October 9th, 2015 | No Comments
Clemson U. is apologizing over its Mexican food day (emphasis added):
Everything was going great. Students were loving the food and festivities. Except for two students, who took to Twitter to voice their displeasure with the school’s decision to host such a “#CUlturallyInsensitive” event.
Following which, a school bureaucrat in need of justifying his job
apologized for the event’s “flattened cultural view of Mexican culture.”
Hey, let’s flatten some more food culture! I’ve had some excellent biscuits and pork gravy in South Carolina, Clemson’s home state, but I was born and raised in Puerto Rico, where fried pork meat, fried plantains, fried pork rinds, and much anything else that can be fried gets fried in lard [oooh babeee!] real honest-to-piggy-godness lard (if you can find it), the stuff that makes stomachs churn and arteries clog just from thinking about it.
Not that frying in lard is exclusive to Puerto Rico; it’s prevalent throughout the mainland Southern states, and the Caribbean. Dizzy Gillespie even played his own 1947 ode to Manteca (Lard) in association with Gil Fuller and Cuban percussionist Chano Pozo.
The good thing about Puerto Rican food is that you can start with a modest menu, the everyday basic Puerto Rican dinner, with maybe some fried plantains on the side,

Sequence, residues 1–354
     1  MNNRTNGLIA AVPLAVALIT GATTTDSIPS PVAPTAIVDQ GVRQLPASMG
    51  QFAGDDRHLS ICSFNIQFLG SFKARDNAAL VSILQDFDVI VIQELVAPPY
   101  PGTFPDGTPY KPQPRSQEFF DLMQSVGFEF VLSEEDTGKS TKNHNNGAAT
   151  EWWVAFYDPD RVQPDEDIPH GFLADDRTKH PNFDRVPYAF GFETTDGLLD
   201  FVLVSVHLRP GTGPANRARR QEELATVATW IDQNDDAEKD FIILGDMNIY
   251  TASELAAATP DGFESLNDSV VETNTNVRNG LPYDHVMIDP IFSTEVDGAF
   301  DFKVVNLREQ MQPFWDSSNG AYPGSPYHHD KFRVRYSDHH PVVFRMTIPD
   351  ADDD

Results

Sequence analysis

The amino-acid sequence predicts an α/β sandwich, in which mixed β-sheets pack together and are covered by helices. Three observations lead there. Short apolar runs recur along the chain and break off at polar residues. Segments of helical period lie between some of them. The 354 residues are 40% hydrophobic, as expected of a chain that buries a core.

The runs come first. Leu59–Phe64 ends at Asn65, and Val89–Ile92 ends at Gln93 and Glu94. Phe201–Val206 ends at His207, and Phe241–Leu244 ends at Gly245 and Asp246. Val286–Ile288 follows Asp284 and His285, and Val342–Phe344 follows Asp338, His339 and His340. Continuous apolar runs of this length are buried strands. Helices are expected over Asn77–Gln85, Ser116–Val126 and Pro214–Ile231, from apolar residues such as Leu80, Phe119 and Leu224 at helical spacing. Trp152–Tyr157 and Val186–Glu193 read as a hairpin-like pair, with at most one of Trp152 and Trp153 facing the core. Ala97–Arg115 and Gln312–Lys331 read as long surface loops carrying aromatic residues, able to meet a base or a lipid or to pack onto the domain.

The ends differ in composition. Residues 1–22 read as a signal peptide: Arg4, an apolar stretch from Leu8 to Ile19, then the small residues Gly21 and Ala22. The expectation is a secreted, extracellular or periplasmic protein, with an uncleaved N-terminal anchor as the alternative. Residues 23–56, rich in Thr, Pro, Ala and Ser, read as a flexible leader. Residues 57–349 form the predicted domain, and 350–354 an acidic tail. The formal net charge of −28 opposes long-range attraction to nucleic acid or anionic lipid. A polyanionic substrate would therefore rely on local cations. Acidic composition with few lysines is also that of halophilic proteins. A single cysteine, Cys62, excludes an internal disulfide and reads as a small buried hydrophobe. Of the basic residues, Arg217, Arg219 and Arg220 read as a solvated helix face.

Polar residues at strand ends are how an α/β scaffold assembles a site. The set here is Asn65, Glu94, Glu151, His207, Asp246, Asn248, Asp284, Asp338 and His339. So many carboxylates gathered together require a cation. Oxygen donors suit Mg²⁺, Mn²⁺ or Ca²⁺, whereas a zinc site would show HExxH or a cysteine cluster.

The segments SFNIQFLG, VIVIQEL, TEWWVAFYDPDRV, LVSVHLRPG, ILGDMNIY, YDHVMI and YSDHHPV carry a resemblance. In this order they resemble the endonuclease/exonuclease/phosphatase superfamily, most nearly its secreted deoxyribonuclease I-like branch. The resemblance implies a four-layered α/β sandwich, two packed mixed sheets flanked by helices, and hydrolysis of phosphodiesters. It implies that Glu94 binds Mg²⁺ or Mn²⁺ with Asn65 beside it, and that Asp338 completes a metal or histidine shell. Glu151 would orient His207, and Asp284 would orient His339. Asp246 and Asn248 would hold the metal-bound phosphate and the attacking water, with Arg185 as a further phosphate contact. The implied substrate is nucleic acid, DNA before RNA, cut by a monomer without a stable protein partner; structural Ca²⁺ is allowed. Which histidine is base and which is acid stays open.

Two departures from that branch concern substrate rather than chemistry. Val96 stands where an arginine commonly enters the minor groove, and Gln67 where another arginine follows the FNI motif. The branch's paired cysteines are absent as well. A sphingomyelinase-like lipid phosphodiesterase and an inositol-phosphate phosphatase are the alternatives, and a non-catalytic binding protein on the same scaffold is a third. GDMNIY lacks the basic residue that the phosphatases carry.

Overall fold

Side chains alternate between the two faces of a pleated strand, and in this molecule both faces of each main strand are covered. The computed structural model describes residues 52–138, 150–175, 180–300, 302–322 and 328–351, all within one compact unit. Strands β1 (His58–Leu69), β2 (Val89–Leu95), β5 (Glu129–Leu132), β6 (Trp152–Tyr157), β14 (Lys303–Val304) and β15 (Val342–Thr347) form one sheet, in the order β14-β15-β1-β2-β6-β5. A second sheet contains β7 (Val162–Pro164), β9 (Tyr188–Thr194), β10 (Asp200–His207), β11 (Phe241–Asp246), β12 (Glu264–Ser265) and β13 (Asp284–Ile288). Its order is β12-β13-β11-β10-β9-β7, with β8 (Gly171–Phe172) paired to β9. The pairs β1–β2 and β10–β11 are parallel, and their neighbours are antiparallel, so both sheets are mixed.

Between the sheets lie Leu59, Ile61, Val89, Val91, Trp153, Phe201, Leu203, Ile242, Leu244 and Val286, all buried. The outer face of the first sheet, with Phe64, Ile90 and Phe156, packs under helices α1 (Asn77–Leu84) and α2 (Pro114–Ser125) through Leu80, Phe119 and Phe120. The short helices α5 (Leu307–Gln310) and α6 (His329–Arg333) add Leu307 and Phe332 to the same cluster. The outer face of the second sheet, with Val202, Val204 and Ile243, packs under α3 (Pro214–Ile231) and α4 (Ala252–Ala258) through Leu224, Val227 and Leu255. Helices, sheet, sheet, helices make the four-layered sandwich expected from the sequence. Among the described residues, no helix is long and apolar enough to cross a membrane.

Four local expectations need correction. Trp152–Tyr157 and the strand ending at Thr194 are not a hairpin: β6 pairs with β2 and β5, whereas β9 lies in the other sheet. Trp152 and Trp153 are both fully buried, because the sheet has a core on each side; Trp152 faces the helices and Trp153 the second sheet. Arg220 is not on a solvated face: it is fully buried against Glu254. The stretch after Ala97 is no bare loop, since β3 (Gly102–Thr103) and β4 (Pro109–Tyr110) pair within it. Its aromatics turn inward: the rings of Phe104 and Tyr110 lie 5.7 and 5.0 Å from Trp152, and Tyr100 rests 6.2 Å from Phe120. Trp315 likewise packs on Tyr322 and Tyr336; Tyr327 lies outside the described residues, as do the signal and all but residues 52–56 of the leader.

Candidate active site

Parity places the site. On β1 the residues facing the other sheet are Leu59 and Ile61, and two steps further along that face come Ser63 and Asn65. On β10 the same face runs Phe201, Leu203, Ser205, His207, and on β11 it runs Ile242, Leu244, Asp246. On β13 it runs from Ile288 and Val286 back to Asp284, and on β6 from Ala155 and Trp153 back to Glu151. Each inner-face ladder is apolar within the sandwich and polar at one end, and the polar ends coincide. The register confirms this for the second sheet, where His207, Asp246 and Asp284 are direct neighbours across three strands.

- bib lettuce, avocado and tomato salad with oil and vinegar
- white rice
- red beans
- fried meat (pork, beef, chicken, breaded fish).
And you can build up from there, with rice and gandules, rice and chicken, rice and Vienna sausage, stewed chickpeas, stewed white beans – yes, lots of rice, lots of grains cooked with chorizo (did I mention pork?) and tomato – mofongo, pastelillos, salted codfish with a variety root vegetables marinated in oil, pit-roasted pig, and the crown jewel of Puerto Rican food, pasteles de yuca. Of course, you better stock up on garlic for all of those.
You’re going to want dessert, so there’s the ever-present flan in its many varieties, but also tembleque, rice pudding (more rice), coconut ice cream, pineapple ice cream, meringues, coconut macaroons, and surprisingly, pineapple upside-down cake, a Southern favorite.
I know you’ll be playing salsa music, but if you really want to work the multi-culti groove, here’s the Orquesta de la Luz, Japan’s own. Gran Combo purists may not like it, but they’ll probably dance to it anyway.
As for funny hats (no food festival is complete without funny hats), back when my parents were growing up the straw pava was still around but it later was appropriated by a political party, so I suggest instead an assortment of baseball caps from the Roberto Clemente Professional Baseball League. Better yet, bring in some of the players for photo-ops with the students and the Clemson football team. I can see the cultural headlines: “Football culture meets baseball culture.”
An important side effect from the Puerto Rican menu I’m proposing: The ensuing carbo load ought to fuel the track and field teams to new heights.
A win-win all around!
So Clemson, have a Puerto Rican food day. You may even promote it as “Puerto Rican food: Half the gas with all the calories!”
Fausta Rodriguez Wertz writes on U.S. and Latin American politics, news, and culture at Fausta’s Blog. She’s looking for some Alka-Seltzer right now.